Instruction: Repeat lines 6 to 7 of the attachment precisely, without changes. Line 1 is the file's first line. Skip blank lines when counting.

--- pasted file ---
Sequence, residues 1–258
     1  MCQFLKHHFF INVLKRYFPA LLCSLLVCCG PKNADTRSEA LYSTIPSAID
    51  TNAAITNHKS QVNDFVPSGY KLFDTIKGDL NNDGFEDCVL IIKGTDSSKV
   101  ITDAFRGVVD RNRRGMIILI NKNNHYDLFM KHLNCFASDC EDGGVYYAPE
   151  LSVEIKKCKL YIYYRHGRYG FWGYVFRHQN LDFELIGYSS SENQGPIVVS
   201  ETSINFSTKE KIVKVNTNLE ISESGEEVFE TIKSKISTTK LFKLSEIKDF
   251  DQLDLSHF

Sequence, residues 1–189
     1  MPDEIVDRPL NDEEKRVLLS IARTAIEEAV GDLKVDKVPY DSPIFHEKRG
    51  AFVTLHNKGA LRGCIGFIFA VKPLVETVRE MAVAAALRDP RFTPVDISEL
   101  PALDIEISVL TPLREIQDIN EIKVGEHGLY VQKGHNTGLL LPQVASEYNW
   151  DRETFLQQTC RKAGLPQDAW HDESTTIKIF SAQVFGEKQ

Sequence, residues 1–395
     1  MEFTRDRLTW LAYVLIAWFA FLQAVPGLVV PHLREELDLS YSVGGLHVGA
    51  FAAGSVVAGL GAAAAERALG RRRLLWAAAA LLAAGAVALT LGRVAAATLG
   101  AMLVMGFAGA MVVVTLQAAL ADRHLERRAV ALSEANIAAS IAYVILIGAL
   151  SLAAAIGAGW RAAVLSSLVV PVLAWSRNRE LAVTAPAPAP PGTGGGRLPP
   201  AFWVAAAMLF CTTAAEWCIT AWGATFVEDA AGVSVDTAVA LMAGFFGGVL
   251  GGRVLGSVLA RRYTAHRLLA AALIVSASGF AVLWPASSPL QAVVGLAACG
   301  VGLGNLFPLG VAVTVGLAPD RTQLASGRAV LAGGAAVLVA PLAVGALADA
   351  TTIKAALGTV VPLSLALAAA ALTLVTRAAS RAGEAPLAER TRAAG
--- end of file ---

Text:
   201  ETSINFSTKE KIVKVNTNLE ISESGEEVFE TIKSKISTTK LFKLSEIKDF
   251  DQLDLSHF